Empowering artists & designers with hand impairments


9 months
Sep 2022 - May 2023


Michael Tranquilli - SME
Eric Forman - Advisor
Liz Danzico - Chair


Voice User Interaction
Co-Designing Workshops
Prototyping and Testing


Designing for Inclusion

The digital age has revolutionized the way we create art and design, opening doors to countless possibilities. However, not everyone can fully embrace this digital transformation, particularly those with hand impairments. VoCreate is a ground-breaking project aimed at empowering artists and designers facing severe hand impairments, enabling them to express their creativity digitally.

The Challenge

Reimagine an interaction as simple as drawing

Imagine losing the ability to hold a pen or manipulate a mouse due to a traumatic injury. The frustration of not being able to create art or design can be overwhelming. The challenge was clear: create an intuitive, accessible, and enjoyable drawing experience for individuals with hand impairments.

To address these challenges, I fulfilled the following roles:

  • Conducted in depth user research using hypothesis testing and design and user tested wireframes and prototypes
  • I worked with a subject matter expert and co-designed with two users constantly to ensure the solution was research-led
  • Presented designed solutions to thesis committee and AIGA NY Fresh Grad jury

Introducing VoCreate

Draw with your voice

VoCreate is a drawing app designed for the iPad that empowers artists and designers with hand impairments to draw with their voice. It was designed meticulously with the input of artists with hand impairments, to ensure that it meets their needs and allows them to express themselves freely.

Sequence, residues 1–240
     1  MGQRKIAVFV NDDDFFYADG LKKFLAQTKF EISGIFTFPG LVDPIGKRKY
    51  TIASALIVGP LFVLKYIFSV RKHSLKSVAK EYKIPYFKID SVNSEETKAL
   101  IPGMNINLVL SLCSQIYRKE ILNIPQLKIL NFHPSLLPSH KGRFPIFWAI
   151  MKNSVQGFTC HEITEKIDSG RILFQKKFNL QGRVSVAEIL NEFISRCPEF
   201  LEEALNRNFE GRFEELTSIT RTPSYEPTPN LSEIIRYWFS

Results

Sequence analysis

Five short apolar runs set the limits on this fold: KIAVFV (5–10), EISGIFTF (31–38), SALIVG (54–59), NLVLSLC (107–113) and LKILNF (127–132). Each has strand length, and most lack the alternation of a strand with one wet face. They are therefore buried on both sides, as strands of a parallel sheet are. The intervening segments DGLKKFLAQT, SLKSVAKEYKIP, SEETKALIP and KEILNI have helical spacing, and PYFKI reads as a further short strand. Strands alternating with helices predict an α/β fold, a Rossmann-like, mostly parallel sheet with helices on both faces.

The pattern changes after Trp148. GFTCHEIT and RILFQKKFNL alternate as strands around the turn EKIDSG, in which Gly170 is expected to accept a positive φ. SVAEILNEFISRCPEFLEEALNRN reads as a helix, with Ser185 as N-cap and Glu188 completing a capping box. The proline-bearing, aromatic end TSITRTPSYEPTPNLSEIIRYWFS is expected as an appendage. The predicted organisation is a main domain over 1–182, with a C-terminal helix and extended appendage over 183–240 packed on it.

Voice-First Interface

Users can control the app using their voice, such as vowel sounds to move the brush and paint. By making the "EE" sound the user can move the paint brush to the left and by making the "AW" sound to the right. It's fun, but also useful when drawing longer strokes while maintaining artistic control.

Accessible Navigation

The redesigned tool menu allows users to access drawing tools from anywhere on the screen, making it more accessible than a fixed toolbar. This reduces the need to constantly reach for frequently used tools, saving users energy and breath.

User Research & Discovery

Co-Designing Workshops

At the core of the project, we conducted Co-Designing Workshops with two users who had spinal cord injuries that were pivotal in shaping the outcome. Their invaluable insights ensured that our solution was authentically user-led and research-driven. We collaborated closely with them in the following key areas:

  • User Interview: Identifying current behavioral patterns and challenges.
  • Ideation and Conceptualization: Brainstorming ideas for the project.
  • Wizard of Oz Testing: Acting out voice-recognition scenarios to fine-tune the interaction.
  • Usability Testing: Ensuring the final product offered a delightful user experience.

User Insights

To gain deep insights into the experiences of individuals with hand impairments, we conducted remote interviews with six participants. These interviews revealed a common thread of isolation, dependence in setting up assistive tools, and fear of no longer being able to get back to creative work.